Gordon Scholz


Gordon Scholz

Emeritus Professor & Director of the Community & Regional Planning Program

Brief Vitae

Master of Business Administration, University of Nebraska at Omaha
Master of Urban Planning, University of Illinois at Urbana/Champaign
Master of Architecture, University of Illinois at Urbana/Champaign
Bachelor of Architecture, University of Nebraska-Lincoln

At the time of Gordon Scholz’s retirement, he faithfully served the college and its alumni for over 46 years, starting as an assistant professor in 1974 at the time the College of Architecture was established. By 1989 he was full professor and chair of the Department of Community and Regional Planning; he later served as program director. He served in these administrative roles at three different times, totaling 29 years.

Scholz is a native Nebraskan, growing up in Bellevue. He earned his Bachelor of Architecture degree at UNL and graduate degrees in urban planning and architecture at the University of Illinois at Urbana-Champaign. He is a member of the American Institute of Certified Planners and is a licensed architect in the state of Nebraska.

Under his leadership, the Community and Regional Planning Program initiated dual degree programs to connect the Master of Community and Regional Planning (MCRP) degree with other UNL graduate degree programs including Architecture’s M.Arch., Law’s JD and Civil Engineering’s MS-CE degree; and coordinated eight consecutive successful accreditation and re-accreditation reviews for the MCRP Program.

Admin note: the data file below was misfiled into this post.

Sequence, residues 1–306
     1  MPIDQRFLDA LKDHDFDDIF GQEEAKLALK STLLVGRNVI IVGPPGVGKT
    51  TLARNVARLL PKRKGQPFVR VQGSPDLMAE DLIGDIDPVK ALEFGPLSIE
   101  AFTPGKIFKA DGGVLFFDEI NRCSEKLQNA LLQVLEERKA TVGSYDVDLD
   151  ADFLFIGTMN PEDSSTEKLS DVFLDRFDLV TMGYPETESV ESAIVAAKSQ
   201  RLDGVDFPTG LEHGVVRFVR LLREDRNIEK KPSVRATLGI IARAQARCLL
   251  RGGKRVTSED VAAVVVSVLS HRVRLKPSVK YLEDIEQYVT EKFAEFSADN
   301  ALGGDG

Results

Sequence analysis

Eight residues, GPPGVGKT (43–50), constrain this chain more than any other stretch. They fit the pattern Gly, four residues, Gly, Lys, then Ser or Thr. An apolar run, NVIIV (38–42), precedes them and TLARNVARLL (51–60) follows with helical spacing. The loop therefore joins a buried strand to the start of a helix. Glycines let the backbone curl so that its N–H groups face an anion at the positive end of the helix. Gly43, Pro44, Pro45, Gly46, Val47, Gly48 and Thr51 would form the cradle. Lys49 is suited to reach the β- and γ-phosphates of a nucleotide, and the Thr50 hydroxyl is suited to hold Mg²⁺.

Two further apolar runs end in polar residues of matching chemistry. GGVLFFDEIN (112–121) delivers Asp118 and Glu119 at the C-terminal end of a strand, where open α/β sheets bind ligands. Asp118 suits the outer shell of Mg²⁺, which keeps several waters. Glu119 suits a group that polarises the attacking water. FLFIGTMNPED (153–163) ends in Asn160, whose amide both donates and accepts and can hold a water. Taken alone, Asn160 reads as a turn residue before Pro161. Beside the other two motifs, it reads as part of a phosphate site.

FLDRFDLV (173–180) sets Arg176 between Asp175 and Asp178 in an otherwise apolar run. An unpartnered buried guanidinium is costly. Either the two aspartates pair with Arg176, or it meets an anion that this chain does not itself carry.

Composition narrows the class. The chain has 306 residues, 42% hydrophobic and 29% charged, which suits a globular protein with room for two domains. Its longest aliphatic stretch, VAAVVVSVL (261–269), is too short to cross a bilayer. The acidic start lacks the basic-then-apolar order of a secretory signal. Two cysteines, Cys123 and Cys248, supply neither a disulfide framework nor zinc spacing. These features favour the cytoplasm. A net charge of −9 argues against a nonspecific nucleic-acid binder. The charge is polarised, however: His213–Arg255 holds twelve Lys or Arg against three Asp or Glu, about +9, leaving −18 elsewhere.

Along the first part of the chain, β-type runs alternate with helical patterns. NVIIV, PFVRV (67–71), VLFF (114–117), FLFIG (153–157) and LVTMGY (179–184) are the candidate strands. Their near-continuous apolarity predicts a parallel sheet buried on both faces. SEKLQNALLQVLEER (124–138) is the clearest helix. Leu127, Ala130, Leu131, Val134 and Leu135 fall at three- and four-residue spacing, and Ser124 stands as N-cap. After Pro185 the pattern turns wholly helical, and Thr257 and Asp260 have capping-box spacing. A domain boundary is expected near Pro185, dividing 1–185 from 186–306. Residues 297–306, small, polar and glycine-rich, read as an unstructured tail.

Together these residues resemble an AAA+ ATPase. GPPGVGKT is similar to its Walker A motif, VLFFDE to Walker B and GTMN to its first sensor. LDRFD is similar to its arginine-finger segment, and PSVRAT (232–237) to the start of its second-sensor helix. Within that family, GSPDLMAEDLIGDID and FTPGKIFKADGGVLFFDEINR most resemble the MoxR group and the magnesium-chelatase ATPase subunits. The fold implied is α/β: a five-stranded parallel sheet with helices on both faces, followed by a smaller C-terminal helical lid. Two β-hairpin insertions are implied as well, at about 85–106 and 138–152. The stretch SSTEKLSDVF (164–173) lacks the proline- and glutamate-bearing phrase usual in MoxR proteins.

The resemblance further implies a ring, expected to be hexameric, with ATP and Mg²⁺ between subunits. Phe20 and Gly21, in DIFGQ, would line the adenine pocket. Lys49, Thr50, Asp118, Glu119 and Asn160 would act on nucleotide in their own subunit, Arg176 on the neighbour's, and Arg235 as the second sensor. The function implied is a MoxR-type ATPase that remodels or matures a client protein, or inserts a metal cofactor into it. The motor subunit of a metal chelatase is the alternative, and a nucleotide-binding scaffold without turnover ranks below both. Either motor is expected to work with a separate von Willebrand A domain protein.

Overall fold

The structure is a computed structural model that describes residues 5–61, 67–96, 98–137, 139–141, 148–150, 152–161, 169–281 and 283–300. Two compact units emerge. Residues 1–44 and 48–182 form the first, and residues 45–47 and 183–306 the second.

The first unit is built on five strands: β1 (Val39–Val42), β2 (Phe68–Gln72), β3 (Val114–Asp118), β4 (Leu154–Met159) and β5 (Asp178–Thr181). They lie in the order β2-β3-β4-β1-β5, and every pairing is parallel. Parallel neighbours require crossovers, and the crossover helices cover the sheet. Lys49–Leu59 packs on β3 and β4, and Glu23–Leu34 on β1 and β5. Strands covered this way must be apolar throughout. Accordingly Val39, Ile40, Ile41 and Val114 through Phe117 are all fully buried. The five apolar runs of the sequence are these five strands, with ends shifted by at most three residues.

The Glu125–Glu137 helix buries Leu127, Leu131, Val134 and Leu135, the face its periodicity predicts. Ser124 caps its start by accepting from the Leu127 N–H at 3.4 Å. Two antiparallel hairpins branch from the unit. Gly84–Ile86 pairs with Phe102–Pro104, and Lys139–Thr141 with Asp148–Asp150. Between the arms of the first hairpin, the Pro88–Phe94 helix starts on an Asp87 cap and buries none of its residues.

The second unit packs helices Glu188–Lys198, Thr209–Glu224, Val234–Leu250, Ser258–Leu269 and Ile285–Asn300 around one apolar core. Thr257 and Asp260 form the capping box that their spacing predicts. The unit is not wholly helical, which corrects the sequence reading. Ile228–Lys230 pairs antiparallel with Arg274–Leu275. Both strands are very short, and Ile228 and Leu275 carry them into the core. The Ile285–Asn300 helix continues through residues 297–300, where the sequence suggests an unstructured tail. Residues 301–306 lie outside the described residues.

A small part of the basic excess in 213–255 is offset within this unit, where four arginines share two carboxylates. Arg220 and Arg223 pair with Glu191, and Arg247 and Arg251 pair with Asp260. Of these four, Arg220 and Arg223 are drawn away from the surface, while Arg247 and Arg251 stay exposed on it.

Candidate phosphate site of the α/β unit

Scholz’s contributions across the university demonstrate his commitment to academic excellence. His service has included membership on the UNL Faculty Senate, the Faculty Senate Executive Committee and the Center for Great Plains Studies Board of Governors, among 35 other UNL service positions throughout his employment.

At the national level, Scholz has served on the board of the Urban Design & Preservation Division of the American Planning Association, as well as a site visitor for the Planning Accreditation Board. He served twice as president of the Nebraska Chapter of the American Planning Association (APA) and was recipient of the Mitsuo Kawamoto Excellence in Planning Award from the Nebraska Chapter APA and the Wozniak-Selander Award for a Planning Pioneer from the Nebraska Planning and Zoning Association.

Scholz’s work during his tenure made a significant impact for Nebraska communities. In addition to his community service positions, such as board member of the Preservation Association of Lincoln and member of the City of Lincoln’s Urban Design Committee, he has led numerous studio/course-based collaborations with community organizations across Nebraska. In 2019, Scholz galvanized a program effort to help the village of Winslow, Nebraska, with their flood recovery efforts and explored the option of relocating their community to higher ground.

Additionally, Scholz has led multiple UNL graduate planning studio collaborations with NeighborWorks Lincoln, the Lincoln/Lancaster County Planning Department and the City of Lincoln Urban Development Department on various stages of community planning in Lincoln’s older neighborhoods. He has worked with faculty colleagues and student teams to help various areas in Nebraska with community planning, including projects in Blair, Columbus, Crete, Custer County, Fremont, Grand Island, Oakland, Stromsburg, Superior, Valentine, and Wahoo.

As an alumnus of UNL’s architecture class of 1968, Scholz was a natural liaison with his graduating class and helped garner one of the strongest, most impactful alumni cohorts the college enjoys today. The class of 1968 has regularly held reunions and collectively raised over $68,000 in periodic campaigns among its members to establish an endowed Class of 1968 Scholarship Fund in the University of Nebraska Foundation.

Areas of Interest

Professor Scholz's teaching responsibilities included Introduction to Planning, Planning and Design in the Built Environment, Historic Preservation, and Land Development: Actors and Factors in the Process.